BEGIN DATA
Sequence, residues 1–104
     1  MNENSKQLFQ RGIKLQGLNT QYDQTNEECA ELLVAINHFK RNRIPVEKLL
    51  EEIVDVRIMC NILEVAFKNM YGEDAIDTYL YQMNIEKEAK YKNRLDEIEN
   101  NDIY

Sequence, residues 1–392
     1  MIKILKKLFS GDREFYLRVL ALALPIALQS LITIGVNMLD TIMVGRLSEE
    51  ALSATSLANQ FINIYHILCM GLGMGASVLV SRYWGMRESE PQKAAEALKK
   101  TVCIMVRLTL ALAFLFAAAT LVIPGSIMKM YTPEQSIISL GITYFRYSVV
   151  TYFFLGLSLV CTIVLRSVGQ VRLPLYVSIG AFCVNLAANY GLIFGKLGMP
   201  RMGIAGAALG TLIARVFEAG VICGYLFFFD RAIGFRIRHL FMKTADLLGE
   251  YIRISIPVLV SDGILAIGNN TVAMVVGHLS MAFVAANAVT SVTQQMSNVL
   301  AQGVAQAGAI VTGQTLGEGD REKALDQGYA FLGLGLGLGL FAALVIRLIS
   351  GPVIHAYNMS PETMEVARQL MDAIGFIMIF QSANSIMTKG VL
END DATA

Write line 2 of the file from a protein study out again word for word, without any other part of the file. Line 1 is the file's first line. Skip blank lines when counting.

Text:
     1  MNENSKQLFQ RGIKLQGLNT QYDQTNEECA ELLVAINHFK RNRIPVEKLL